Even in the event that a judge never gives his or her approval, the Justice Department maintains that it is “critical” that it be able to seize cryptocurrencies from Americans.
A previous study may provide insight into the potential practical applications of the Internal Revenue Service’s (IRS) proposal to expand bitcoin monitoring. In summary, the Department of Justice (DOJ) may soon have the means to begin seizing bitcoin at a never-before-seen rate, as the IRS is slated to monitor Americans’ cryptocurrency usage through an anticipated 8 billion new returns.
The problem originates from a report that the DOJ wrote in 2022 in response to Executive Order 14067. For those who may have forgotten, President Biden’s first significant cryptocurrency initiative was Executive Order 14067. Despite widespread initial fears of an imminent crackdown, the presidential order generally postponed making significant changes by first requesting reports from agencies to guide future regulations regarding cryptocurrencies and related matters.
The DOJ wrote the study, which addressed a wide range of subjects. The proposals, which mainly fell into four categories, were how to strengthen investigations, how to support prosecutions, how to stiffen penalties for crimes involving cryptocurrencies, and how to provide government workers more resources.
The DOJ’s defense of expanding its authority to take cryptocurrencies, however, is what makes this discussion so fascinating.
In order to discourage such conduct and deprive violators of their ill-gotten profits, the study, for instance, asserts that “it is critical that the United States have the authority to forfeit the proceeds of cryptocurrency fraud and manipulation.” Consequently, the DOJ suggests extending its jurisdiction over forfeiture in civil, criminal, and administrative contexts.
The Department of Justice (DOJ) asserts that these revisions are required because the agency’s experience with cases involving cryptocurrencies has “exhibited limitations on the forfeiture instruments utilized to rob wrongdoers of their illicit gains and, in certain situations, return money to victims.”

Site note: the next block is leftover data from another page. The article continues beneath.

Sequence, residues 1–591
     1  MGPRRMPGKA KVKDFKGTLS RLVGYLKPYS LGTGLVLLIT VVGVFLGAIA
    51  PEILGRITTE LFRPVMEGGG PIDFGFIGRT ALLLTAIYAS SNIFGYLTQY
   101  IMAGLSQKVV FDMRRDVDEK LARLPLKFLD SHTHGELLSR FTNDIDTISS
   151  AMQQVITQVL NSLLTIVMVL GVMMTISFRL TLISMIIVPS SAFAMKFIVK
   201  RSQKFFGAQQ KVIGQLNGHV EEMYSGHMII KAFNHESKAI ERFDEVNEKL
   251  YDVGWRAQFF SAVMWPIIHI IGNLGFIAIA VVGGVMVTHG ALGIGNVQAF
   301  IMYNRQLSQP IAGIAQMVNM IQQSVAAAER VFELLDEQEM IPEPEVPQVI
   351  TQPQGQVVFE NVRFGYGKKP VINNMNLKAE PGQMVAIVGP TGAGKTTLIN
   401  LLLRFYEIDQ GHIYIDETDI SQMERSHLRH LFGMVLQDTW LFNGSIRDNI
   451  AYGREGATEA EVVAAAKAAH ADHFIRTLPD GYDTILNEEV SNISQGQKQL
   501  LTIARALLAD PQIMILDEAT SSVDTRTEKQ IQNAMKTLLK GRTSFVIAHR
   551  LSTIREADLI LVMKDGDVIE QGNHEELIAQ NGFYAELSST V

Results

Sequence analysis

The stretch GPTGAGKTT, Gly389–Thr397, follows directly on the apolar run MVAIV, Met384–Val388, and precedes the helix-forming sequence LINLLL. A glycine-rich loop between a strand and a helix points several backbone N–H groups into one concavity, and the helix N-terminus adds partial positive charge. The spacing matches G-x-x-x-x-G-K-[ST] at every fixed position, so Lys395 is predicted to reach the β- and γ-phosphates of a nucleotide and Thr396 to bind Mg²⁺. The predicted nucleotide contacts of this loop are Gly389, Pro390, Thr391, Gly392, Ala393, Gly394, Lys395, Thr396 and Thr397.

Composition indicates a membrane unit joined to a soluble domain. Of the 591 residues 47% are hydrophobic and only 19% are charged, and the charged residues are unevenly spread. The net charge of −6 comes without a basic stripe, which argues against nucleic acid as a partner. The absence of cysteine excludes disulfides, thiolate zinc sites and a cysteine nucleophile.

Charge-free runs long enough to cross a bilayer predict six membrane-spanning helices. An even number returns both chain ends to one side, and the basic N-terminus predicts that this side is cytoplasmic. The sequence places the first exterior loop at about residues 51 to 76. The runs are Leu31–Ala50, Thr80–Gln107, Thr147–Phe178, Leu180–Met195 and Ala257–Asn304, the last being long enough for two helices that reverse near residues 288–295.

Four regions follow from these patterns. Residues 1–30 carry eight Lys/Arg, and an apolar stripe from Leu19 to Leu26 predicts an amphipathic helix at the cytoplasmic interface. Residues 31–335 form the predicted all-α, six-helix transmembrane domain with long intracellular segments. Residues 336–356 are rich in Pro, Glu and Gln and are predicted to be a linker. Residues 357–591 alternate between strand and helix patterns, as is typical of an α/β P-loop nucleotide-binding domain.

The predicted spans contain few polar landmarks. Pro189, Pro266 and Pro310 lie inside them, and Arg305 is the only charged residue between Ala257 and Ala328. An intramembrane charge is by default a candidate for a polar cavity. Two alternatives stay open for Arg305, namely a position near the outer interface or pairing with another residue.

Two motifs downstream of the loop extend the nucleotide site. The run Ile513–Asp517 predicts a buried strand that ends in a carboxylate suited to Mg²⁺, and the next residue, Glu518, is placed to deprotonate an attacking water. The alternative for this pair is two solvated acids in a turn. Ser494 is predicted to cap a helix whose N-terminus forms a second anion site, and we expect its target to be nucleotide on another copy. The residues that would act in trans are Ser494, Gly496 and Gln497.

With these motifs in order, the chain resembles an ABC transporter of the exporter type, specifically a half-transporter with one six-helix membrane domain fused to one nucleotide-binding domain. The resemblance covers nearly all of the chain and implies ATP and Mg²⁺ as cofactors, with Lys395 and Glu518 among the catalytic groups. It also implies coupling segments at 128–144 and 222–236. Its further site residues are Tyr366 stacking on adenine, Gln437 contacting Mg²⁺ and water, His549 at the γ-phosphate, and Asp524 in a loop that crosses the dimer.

However, given how much and how frequently the government has been able to take bitcoin over the years, this argument is hard to fathom. Actually, these examples are mentioned in the study itself. The FBI confiscated almost $427 million worth of cryptocurrency between 2014 and 2022. Between 2018 and 21 the IRS seized an additional $3.8 billion.
The DOJ’s claim that the US government is having difficulty obtaining cryptocurrencies is just not as convincing as the report’s suggestions suggest, given that over $4 billion is currently in circulation.
However, considering the massive surveillance that the IRS’s broker proposal is likely to produce, which might be used to begin seizing bitcoin at an even greater pace, it casts doubt on the DOJ’s study.
What’s known as administrative forfeiture is the issue. “Under ‘administrative’ or ‘nonjudicial’ forfeiture, the seizing agency — not a judge — decides whether a property should be forfeited,” as Nick Sibilla clarified in Forbes when the report first surfaced. Put another way, agents can seize property without having to convince a judge that a crime was committed.
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This method discourages “undue burdens on the federal judicial system” and encourages the “efficient allocation of government resources,” according to the DOJ. When you consider that between 2000 and 2019, administrative forfeitures accounted for 78% of all forfeitures made by the DOJ, it appears that this procedure is its favorite method.
It’s feasible that the DOJ will “suddenly” discover enormous new areas for cryptocurrency seizure as a result of the IRS gathering copious amounts of fresh data on Americans’ cryptocurrency use. Once more, it’s critical to emphasize that the mere suspicion of a crime being committed is sufficient grounds for confiscations.
Considering how frequently misconceptions about cryptocurrencies have made news, it’s easy to see how these kinds of fears may arise. For instance, a false report was used by over 100 members of Congress less than a month ago to demand a crackdown on cryptocurrencies.
Examining the IRS proposal in this context highlights one of the primary dangers associated with large-scale data collection. Massive government databases become attractive targets for both internal and external abuse, whether it’s the DOJ aiming to increase its seizure efforts, the IRS looking to increase audits, or a hacker looking for an exploit.
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